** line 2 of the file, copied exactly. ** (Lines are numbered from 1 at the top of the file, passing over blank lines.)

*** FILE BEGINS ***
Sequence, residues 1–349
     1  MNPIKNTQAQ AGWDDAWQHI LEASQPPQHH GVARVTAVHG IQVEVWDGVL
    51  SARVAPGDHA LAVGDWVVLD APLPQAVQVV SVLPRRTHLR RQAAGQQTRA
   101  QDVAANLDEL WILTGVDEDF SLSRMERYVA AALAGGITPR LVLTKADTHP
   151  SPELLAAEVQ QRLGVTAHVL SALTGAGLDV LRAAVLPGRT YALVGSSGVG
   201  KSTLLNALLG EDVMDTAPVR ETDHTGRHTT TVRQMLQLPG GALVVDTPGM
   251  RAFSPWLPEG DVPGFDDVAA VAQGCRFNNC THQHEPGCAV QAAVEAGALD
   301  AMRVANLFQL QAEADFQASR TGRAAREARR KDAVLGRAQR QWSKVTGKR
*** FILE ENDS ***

     1  MNPIKNTQAQ AGWDDAWQHI LEASQPPQHH GVARVTAVHG IQVEVWDGVL